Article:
Today we celebrate a man who wrote the book on growing and selling orchids.
We'll also learn about a very special Arbor Day to honor Luther Burbank.
We hear a touching excerpt about the final days of an incredible gardener, teacher, and friend.
We Grow That Garden Library™ with a book about the beautiful flowers of Japan.
And then we’ll wrap things up with a sweet little advertisement about the Gladiolus and Dahlias - two beautiful flowers that most gardeners are ordering and shopping for this month (if they haven’t already).
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March 4, 1847
Today is the birthday of the German-English orchidologist and nurseryman Henry Frederick Conrad Sander.
As a young man of 20 years old, Conrad met the Czech plant collector Benedict Roezl. Benedict’s heart lay in exploration and acquisition; he did not enjoy the marketing and sales aspects of plant hunting. Instead, these skills were Conrad’s strengths. The two men struck up a business plan that left Benedict free to explore and collect and Conrad to sell, sell, sell.
Conrad set up shop in St. Albans, and Benedict was soon sending shipments of orchids from Central and South America.
Benedict collected for Sander for 40 years. Even though Benedict was 6'2" tall and had that imposing iron hook for a hand, Benedict was robbed 17 times and, once, even attacked by a jaguar during his collecting days.
After his quick success with Benedict, Conrad expanded his operations. Soon Conrad was managing inventory from over twenty collectors, growing orchids in over sixty greenhouses, and entertaining visitors that included Europe’s top collectors and even royalty. As a result of his business success acquiring, breeding, and selling orchids, Conrad became known as the King of Orchids.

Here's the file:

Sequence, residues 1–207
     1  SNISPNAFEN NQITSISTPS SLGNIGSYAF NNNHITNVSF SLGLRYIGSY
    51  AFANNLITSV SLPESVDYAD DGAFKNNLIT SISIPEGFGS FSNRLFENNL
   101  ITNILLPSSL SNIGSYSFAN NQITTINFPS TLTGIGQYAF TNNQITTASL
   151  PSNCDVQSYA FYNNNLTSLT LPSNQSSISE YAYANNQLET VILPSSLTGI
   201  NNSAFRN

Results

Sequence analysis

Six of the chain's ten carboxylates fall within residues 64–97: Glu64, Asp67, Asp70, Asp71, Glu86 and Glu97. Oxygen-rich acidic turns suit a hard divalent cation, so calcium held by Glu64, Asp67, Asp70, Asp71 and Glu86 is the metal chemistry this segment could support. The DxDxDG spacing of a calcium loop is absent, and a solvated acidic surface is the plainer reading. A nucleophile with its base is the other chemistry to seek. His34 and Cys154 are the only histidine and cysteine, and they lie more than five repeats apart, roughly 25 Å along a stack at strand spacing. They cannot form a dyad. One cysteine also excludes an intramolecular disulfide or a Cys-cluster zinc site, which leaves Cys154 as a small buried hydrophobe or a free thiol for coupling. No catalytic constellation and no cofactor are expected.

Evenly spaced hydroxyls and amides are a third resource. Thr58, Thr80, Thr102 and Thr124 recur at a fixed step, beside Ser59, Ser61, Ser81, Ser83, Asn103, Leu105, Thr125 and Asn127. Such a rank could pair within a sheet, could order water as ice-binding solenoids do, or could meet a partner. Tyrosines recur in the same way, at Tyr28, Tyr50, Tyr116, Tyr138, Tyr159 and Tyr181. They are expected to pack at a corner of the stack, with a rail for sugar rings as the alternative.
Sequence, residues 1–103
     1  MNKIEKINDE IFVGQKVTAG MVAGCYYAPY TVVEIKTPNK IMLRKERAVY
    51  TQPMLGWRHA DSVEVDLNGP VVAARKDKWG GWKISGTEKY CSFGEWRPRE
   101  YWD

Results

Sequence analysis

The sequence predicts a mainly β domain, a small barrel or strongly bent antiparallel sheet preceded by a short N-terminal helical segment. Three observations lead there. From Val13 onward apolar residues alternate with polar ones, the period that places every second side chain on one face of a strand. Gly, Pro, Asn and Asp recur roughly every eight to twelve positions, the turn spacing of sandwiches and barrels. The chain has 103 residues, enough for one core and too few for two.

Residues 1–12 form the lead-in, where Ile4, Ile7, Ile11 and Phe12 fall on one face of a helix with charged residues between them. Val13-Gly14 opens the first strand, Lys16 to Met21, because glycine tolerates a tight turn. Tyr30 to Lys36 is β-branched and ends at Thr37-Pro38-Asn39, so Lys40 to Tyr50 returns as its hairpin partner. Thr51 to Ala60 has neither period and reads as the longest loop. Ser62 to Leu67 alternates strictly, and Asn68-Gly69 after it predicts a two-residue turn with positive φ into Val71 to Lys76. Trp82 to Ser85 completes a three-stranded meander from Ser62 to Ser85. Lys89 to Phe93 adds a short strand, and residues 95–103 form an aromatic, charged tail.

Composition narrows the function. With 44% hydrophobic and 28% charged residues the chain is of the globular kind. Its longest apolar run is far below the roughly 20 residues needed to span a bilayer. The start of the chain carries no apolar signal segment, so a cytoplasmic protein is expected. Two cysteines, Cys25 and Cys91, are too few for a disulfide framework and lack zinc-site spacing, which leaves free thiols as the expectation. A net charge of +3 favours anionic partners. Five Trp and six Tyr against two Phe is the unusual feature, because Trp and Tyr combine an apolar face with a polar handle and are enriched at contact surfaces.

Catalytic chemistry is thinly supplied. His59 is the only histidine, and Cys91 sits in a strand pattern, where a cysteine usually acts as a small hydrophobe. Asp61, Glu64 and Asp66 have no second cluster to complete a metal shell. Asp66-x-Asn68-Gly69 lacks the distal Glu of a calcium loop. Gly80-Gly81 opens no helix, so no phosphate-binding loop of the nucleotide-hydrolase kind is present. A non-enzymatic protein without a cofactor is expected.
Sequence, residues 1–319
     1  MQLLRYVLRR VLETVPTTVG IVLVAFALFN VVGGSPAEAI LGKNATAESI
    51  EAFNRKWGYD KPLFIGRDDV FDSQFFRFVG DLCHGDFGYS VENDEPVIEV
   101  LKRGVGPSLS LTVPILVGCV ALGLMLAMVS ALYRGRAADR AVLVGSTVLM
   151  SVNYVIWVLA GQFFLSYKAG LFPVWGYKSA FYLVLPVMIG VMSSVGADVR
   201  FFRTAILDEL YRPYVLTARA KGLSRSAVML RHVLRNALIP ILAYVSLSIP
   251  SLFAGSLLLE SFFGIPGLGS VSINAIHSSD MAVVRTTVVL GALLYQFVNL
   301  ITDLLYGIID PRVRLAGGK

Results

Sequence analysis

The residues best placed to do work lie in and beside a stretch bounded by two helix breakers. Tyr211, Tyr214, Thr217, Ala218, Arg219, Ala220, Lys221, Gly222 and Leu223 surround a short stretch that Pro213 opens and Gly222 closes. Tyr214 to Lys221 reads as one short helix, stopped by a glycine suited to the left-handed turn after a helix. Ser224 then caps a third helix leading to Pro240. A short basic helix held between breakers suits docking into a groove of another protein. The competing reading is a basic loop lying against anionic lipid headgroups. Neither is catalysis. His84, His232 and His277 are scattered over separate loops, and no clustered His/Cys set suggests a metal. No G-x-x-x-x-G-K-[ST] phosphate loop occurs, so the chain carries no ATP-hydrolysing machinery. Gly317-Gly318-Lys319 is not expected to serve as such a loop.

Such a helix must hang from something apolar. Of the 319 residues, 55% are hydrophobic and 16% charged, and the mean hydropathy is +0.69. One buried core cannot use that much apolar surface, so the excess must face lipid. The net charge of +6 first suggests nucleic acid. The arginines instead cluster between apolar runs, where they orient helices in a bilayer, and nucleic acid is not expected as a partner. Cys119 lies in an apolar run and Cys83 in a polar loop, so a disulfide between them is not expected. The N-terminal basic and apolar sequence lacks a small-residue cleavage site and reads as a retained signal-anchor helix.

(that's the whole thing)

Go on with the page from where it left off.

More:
Leveraging his incredible expertise, Conrad wrote a masterpiece in two volumes on every variety of orchid. The book was folio-sized, with text in three languages - English, French, and German - and the botanical drawing of orchids were life-sized. As a sign of great respect, Conrad named his book Reichenbachia in honor of the legendary orchidologist Heinrich Gustav Reichenbach. Reichenbach had named more orchids than any other person, and in his will, he asked that his herbarium be closed for 25 years to protect his work with orchids from his competitors.
In turn, in 1882, Heinrich honored Sanders by naming the “Queen of Philippine Orchids” after Sanders - naming it the Vanda Sanderiana, which the locals called the waling-waling orchid. The waling-waling is considered one of the rarest, most beautiful, and most expensive orchid, and it is also one of the largest species of orchids in the world.
Orchids are some of the world’s oldest flowering plants, producing the world’s tiniest seeds. A single Orchid seedpod can contain three million seeds! Orchids are also the largest family of flowering plants in the world. With over 25,000 species, Orchids represent about ten percent of all plant species on earth, and there are more orchids on earth than mammals and birds!